We then wandered around the convention centre a bit more, where I bought my thinkplus USB-C 13000mAh, 48W laptop battery pack that I later lost at the airport. I still have the empty box that haunts me, reminding me of my ignorance in battery-in-checked-luggage rules.

It was time to be a tourist again, so we hopped on the bus and headed to the Temple of Heaven. I learnt a little about all the sacrificial customs they obeyed at the time, and yet again was amazed at the effort, detail and age of all the constructions and artifacts on display.

Following that was another impressive dinner served on a lazy-susan and a good night’s sleep.

Again I tweeted as much as I could on the day, so have a read through my Twitter thread for a few more bits of information and photos I took along the way:

Lenovo TechWorld Day 3

Day 3 in China came pretty quickly. I’d already started to get used to what it looked, sounded and felt like being in Beijing – I’d acclimatised. I was still absorbing all the pieces of information I’d learnt from the Lenovo HQ trip, and figured another big day of learning was ahead.

View from my hotel room

We all loaded onto a bus for a 90 minute ride to the China National Convention Centre as Yanqi Lake, where we departed and immediately walked into some sort of security shouting about a drone being flown overhead, as apparently it wasn’t legal to fly anything on government land – I haven’t verified that claim, but civilian security seemed to be much more of a focus than what I’m used to in Australia – in fact, I felt a lot safer in Beijing due to the frequent presence of officers of some sort, but with a population of the city almost as much as the entire continent of Australia, I can imagine it’s needed.

The hall itself was a very well designed and clean setup, giant screens on the back, lots of lighting effects and a seat with my name on it, along with a transmitter. The event itself was to be communicated in Chinese, and interpreters would convert it to English on the fly for us to listen to. This experience of focusing on the noise coming from the headset vs watching the person on stage and listening to them took a few minutes to adjust to, but was fine after that. The interpreters did a good job of keeping up, and occasionally seamlessly swapped around.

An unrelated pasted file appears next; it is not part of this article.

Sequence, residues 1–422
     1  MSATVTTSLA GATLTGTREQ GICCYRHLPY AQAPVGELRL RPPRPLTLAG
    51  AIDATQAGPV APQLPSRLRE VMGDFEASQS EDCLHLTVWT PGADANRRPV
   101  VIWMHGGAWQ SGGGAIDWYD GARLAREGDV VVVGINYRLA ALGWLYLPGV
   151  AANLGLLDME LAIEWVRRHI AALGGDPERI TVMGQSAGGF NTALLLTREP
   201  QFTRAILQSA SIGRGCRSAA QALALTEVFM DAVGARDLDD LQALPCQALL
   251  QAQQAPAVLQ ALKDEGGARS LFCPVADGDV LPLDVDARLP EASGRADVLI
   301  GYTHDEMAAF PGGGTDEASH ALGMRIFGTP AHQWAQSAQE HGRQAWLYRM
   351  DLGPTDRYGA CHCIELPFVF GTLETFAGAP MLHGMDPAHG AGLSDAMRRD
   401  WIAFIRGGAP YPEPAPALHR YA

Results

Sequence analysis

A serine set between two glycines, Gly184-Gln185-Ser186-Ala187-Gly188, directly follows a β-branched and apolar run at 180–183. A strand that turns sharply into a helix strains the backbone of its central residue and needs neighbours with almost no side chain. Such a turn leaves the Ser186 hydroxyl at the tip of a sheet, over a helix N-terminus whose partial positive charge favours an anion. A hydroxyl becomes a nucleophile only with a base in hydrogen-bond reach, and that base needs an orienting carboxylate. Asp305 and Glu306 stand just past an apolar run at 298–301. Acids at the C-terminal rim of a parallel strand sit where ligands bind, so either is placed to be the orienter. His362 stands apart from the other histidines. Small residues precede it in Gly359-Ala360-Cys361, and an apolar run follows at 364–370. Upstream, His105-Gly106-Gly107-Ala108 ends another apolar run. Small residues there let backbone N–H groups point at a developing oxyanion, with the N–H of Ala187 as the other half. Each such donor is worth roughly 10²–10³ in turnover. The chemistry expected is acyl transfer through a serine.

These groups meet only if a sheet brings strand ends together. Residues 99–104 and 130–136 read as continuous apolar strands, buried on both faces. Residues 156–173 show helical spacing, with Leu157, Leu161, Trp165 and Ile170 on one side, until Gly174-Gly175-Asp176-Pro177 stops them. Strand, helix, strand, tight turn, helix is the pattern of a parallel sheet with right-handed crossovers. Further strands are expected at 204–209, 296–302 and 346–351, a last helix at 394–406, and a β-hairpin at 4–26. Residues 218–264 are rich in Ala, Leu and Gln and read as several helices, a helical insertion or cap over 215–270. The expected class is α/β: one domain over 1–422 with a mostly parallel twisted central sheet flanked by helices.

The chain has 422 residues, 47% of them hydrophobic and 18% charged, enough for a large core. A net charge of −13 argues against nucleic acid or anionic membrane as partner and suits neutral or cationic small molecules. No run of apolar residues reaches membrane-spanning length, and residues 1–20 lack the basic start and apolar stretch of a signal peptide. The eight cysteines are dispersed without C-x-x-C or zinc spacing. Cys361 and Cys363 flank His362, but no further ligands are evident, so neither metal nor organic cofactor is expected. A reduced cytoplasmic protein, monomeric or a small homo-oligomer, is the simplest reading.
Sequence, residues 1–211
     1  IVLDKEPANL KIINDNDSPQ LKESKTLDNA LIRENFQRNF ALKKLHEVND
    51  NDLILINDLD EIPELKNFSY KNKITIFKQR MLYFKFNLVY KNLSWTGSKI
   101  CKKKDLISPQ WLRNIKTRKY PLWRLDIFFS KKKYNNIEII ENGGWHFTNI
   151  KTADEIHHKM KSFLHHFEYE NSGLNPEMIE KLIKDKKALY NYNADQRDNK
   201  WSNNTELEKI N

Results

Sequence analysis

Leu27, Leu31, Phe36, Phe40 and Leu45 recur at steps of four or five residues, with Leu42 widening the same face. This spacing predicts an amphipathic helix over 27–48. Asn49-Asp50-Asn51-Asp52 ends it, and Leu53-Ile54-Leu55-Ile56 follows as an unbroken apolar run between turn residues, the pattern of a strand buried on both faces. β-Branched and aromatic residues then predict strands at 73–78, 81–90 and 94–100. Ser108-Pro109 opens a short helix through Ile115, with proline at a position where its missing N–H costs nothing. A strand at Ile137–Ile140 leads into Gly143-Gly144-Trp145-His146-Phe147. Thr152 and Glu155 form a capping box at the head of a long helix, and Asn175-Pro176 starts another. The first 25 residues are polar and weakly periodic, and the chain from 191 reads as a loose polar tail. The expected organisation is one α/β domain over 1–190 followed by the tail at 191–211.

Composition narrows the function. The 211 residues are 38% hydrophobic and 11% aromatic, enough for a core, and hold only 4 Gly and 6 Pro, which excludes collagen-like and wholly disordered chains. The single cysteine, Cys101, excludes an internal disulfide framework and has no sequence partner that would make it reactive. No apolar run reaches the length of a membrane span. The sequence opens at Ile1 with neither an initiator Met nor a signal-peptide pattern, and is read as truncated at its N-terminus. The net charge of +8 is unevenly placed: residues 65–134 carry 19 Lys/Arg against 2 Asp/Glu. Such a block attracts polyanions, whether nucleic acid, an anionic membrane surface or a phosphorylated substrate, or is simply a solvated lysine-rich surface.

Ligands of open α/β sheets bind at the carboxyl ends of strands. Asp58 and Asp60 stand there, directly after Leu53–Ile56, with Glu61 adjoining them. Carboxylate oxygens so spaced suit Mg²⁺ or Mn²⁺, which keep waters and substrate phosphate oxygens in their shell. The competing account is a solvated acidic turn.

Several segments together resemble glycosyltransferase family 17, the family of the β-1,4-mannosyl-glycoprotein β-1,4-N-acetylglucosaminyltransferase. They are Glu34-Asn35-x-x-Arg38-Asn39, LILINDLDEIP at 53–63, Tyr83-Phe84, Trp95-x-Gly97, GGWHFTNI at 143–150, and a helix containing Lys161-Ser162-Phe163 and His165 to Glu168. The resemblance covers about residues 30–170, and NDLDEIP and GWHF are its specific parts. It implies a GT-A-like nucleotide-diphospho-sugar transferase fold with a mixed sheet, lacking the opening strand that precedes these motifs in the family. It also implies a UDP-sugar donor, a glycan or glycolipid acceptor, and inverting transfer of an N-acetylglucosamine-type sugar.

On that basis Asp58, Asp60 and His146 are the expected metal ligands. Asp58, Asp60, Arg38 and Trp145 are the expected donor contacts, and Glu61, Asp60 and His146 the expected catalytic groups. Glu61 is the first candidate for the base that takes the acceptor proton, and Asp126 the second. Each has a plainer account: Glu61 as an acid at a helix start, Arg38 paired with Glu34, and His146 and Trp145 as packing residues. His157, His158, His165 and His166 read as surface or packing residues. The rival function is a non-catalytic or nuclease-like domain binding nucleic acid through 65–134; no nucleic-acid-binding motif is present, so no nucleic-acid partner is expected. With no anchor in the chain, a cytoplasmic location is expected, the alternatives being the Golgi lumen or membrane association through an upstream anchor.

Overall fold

The next two and a half hours, we heard from several executives of Lenovo including the CEO, Yang Yuanqing. What information this contained was all new to me – for all I knew, Lenovo made computer type hardware, and some accompanying software. Little did I know what their business integrations and aspirations were, and here’s my rundown on what I learnt:

Lenovo was heavily investing in SIoT (Smart Internet of Things), machine learning, and AI. Usually buzzwords, but they conveyed how this would be used in the real world. For example, they had a focus on smart transportation. Not just smart cars, but looking at the entire environment a car was in, and having all devices find out about what else was going on. Cars would be aware of other cars around them and their speeds, the status of traffic lights ahead and so on, with a goal of having safer and better driverless cars that used information they were fed from the other devices, rather than being a car in isolation relying on what the car could detect with cameras and sensors.

Similar logic was being applied to the Finance, Healthcare, and Manufcaturing industries – have all these parts talk back and and then drive what they do. The difference between IoT and SIoT seemed to be that the ‘smart’ was a two way thing, rather than IoT devices being purely reporting points to feed back data. Their way of putting this was: Data + Computing Power + Algoriths = Data Intelligence:

These changes Lenovo saw as leading to a few high level outcomes:
Intelligence creates disruption to industries around the world, and Quality of life would be improved.

Next we had a video from Satya Nadella, CEO of Microsoft who’d recorded a short message talking about how important the partnership between Microsoft and Lenovo was, and that both companies planned to continue to work together for the future.

Then, a big announcement. A partnership between Lenovo and Schneider Electric. This was around customer solutions that would use Schneider electric hardware and systems, but use Lenovo’s SIoT technology and infrastructure to help drive efficiencies on power usage – their combined goal was to use their synergised systems to reduce power consumption for their customers, knowing that global warming is a looming threat to all of us.

We then dove deeper into some of the areas the keynote speech had covered. Artificial Intelligence for IT Operations was one area, where they compared engineering staff going over log files to find a problem. It would take 2 Senior Engineer 2 days to identify a problem in their example (which I don’t have more details of sorry), vs 1 Engineer 2 hours using Lenovo’s AI driven solution.